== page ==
High tides and misdemeanors (2017 – Present)
This series is the sequel to “The land of Id”. Although it still offers my viewpoints on the peculiar relationship between humans and the natural environment, it also explores some social phenomena typical of our culture and anthropocentric era.
Some of these works were part of a two-person exhibition at Talon Gallery in Portland, Oregon USA in December 2017; others have been shown at Arcadia Contemporary in Pasadena, California USA, Ingram Gallery in Toronto, Canada and soon others will also be shown at CK Contemporary in San Francisco, California USA and Yiri Arts in Taipei, Taiwan. The series has been featured in many print and digital outlets such as Bob Books (UK), Bizarre Magazine (UK), The Affairs (Taiwan), Frankie (Australia), American Art Collector magazine (USA), Hi-Fructose and BloPop magazines (USA), Banzai Revue (France), LoDown (Berlin, Germany), Courrier International (Paris, France), CBC/Arts (Canada) and many others.
The land of Id (2015-2016)
In Freudian psychoanalytic theory, the Id refers to the component of our psyche responsible for our most primitive impulses and drives. It is an egocentric, all-consuming urge to satisfy our immediate needs and desires without any consideration for possible consequences or repercussions.
Such theory perfectly describes our contemporary attitude toward our surroundings. Continuing my discourse on human behaviour, The land of Id focuses on humanity’s relationship with the natural environment offering two alternative yet equally interesting points of view. If on one hand it confronts us with the disastrous results of our ill-conceived rapport with nature, on the other it offers some levity and food for thought. The land of Id becomes a topsy-turvy world filled with tension and instability, where everything appears possible yet nothing is what it seems. Through symbolism and satire, The Land of Id eventually alerts us about the dangerous effects of our exploitative behaviours.
Some of the works of “The land of Id” were shown at the Robert McLaughlin Gallery (Oshawa, 2015), the National Sustainable Living Festival (Melbourne, Australia, 2017), Art Toronto – International Art Fair (2015, 2016), Papier 16 (Montreal, 2016), Room Art Fair (Madrid, Spain 2016), Art On Paper (New York, USA 2016) Art On Paper (Miami, USA 2015), and have been featured in Mud Season Review (2017), Hi-Fructose (2015, 2017), Efflorescence Culturelle (2016) and many other web and print outlets (2015, 2016, 2017).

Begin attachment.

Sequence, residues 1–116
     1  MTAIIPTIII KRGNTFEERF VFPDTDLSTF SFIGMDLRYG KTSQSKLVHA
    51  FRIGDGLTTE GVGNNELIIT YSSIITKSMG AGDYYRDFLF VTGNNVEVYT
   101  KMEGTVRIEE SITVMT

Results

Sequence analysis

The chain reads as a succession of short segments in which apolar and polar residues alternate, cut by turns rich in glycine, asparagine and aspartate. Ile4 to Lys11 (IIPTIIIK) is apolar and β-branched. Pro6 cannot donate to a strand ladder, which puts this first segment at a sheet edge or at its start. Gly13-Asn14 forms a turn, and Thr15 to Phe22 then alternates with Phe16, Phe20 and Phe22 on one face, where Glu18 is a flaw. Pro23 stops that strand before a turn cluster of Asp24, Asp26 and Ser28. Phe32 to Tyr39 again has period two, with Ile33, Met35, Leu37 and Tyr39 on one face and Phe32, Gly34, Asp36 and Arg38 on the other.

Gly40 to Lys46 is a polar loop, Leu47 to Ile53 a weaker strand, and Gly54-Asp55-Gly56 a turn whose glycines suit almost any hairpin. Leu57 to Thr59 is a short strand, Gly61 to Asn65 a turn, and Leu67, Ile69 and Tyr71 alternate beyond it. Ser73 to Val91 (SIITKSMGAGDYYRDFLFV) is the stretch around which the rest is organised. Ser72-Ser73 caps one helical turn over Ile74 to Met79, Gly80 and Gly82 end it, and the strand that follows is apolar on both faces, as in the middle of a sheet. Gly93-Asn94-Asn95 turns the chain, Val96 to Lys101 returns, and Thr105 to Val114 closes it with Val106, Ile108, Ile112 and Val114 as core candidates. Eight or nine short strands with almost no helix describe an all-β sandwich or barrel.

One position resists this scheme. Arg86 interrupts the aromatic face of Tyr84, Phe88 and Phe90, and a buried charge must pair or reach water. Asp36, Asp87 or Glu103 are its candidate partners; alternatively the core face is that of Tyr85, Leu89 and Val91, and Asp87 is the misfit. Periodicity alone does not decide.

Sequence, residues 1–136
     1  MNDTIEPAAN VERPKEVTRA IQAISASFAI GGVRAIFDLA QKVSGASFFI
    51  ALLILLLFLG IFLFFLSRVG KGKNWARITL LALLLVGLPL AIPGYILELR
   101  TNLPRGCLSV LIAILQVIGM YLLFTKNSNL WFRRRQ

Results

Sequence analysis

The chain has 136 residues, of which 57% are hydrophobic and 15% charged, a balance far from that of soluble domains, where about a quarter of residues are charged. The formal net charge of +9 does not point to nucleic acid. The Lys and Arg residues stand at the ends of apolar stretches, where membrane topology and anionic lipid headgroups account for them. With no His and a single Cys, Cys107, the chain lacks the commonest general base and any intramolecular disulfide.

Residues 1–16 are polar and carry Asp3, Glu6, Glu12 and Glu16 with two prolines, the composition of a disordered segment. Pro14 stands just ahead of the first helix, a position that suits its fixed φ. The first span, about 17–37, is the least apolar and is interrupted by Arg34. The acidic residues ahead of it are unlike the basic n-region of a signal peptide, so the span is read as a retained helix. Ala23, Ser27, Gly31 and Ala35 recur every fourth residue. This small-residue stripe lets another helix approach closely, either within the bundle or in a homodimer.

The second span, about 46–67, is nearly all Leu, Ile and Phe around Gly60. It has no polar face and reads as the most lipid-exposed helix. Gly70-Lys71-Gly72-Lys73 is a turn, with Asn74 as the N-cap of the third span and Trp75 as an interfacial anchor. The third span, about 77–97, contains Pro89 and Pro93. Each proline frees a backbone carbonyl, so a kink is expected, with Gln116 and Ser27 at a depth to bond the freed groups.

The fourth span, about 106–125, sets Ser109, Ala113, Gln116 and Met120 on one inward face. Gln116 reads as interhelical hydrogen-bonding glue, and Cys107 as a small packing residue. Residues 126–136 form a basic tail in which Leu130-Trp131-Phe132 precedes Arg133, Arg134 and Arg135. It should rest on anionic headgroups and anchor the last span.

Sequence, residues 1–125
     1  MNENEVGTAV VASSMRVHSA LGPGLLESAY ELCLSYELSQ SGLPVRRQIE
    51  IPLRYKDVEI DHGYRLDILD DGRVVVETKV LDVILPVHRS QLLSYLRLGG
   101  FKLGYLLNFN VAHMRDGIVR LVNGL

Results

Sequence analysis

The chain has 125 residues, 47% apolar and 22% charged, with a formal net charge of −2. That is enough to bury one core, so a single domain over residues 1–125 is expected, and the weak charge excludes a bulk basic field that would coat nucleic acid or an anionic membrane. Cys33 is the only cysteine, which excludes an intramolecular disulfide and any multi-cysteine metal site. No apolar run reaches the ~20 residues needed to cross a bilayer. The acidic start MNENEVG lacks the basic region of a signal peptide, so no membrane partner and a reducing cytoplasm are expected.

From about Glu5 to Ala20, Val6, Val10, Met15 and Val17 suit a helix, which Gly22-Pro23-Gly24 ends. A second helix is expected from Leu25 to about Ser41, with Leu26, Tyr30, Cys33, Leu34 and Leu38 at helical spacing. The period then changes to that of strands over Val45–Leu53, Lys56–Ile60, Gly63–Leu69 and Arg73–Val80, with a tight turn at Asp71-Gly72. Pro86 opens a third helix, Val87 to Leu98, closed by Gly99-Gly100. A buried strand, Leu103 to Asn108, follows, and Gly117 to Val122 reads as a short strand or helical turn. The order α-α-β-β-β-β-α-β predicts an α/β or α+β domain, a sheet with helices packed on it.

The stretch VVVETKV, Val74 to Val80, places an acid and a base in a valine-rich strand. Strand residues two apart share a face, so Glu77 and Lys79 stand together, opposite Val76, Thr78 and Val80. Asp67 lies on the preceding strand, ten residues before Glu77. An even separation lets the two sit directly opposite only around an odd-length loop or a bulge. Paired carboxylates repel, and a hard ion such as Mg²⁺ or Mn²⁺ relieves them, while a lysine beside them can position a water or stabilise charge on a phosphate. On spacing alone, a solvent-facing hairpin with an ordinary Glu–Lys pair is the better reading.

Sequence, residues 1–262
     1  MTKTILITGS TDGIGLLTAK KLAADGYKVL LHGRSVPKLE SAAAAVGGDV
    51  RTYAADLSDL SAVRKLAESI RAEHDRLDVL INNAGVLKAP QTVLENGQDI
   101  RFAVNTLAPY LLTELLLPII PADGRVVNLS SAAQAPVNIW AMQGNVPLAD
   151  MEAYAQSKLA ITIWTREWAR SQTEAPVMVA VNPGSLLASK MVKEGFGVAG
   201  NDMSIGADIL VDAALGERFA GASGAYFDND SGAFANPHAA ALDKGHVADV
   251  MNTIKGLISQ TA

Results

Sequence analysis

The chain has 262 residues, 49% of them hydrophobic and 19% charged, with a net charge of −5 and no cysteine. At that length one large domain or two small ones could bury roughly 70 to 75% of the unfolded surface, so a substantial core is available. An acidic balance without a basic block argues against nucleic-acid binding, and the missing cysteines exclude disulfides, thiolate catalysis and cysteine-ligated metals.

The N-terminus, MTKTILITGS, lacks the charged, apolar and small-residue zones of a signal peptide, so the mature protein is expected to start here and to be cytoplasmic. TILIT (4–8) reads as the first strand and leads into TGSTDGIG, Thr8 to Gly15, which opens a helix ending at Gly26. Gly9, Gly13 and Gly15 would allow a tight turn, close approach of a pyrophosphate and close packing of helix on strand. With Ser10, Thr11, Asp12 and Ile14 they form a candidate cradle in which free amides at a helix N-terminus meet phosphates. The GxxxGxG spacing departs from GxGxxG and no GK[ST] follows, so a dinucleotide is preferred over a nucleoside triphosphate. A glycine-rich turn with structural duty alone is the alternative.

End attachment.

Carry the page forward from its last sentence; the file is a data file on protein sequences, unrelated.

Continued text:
The lingering (2011-2014)
Laden with symbolism and strongly infused with autobiographical notes, The lingering investigates the harmful psychological repercussions that culturally imposed expectations and restrictions, whether deliberate or unintentional, cause on women’s self-image, self-acceptance and identity.
The lingering is a solo exhibition circulated by the Robert McLaughlin Gallery in Oshawa, Ontario. Originally shown at the RMG in the fall of 2013 it will tour to the Art Gallery of Grimsby, Ontario, where it will be shown from October 26 to December 16, 2015. Exhibition catalogue with essay by Sonya Jones accompanies the exhibition.
“The lingering” exhibition was featured in The Hamilton Spectator newspaper (December 22, 2015) as well as many other print and digital publications. The drawing “The obvious child” was selected by Penguin Random House Publishing company as cover for their “Upfronts – Hamish Hamilton” digital digest.
Hic et nunc (2009 to present)
Hic et nunc (Latin for “here and now”) is a collection of pictorial renderings on various thoughts on contemporary phenomena. Rich in irony and allegory, this series is my own personal interpretation of the current social, cultural and political context. Subjects such as history, politics, and social issues are explored and mingled in order to alter perceptions, expectations and intentions.